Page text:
Enrollment management reforms kicked off in spring 2011 when President Hogan hired two outside consultants to review how the UI could improve student diversity, attract high-achieving students and improve financial aid packages.
However, it wasn't until the fall, after the final report was submitted, and the Senates Conference began reviewing it, that the debate became heated. Faculty, particularly on the Urbana campus, raised questions about the recommendations in the report, arguing a centralized system didn't make sense for three such distinct campuses.
During three weeks in November and December, Hogan called two meetings with Wise, Chicago Chancellor Paula Meares and Springfield Chancellor Susan Koch to discuss their stance on enrollment management, emails show.
Hogan ordered the chancellors to attend a meeting with him and his staff on Nov. 22, reminding them trustees had endorsed the recommendations.
Hogan was irritated that the Senates Conference had responded specifically to each of the 21 recommendations, initially endorsing only three, rather than simply advising Hogan on what the faculty role had been on admissions and related matters.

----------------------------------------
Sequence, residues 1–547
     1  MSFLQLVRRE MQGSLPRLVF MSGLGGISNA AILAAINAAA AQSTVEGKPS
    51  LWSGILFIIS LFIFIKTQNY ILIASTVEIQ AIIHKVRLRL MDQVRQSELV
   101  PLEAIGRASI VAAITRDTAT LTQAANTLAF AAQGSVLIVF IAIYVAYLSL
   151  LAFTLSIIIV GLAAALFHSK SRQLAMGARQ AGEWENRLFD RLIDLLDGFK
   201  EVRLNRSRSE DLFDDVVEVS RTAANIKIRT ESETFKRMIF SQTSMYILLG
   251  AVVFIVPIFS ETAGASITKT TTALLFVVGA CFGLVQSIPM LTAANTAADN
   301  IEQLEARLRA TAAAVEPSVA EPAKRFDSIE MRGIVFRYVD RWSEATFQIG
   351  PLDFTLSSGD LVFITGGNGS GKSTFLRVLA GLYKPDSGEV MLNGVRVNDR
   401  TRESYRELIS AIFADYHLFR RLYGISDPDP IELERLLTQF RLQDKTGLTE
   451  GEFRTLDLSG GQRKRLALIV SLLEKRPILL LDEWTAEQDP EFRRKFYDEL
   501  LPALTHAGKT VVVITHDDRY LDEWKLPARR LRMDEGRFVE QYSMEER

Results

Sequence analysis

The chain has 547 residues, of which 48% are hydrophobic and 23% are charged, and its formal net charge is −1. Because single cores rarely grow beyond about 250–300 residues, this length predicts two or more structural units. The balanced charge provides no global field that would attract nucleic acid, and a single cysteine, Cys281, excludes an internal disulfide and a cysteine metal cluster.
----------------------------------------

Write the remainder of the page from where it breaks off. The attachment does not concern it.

"Given the contentious and divisive atmosphere that has developed around these issues in the senates, I think it may be time to" (remainder of sentence is redacted, or blacked out, by the university), Hogan wrote to the chancellors.
At the Nov. 22 meeting, according to an email from Wise, the chancellors and other UI administrators were surprised to learn that Hogan planned to have the proposed campus-level directors of enrollment management report only to the new central executive director, and not to their own provosts. The administrators argued a dual-reporting line, at the very least, was required, but Hogan was "not convinced," Wise wrote.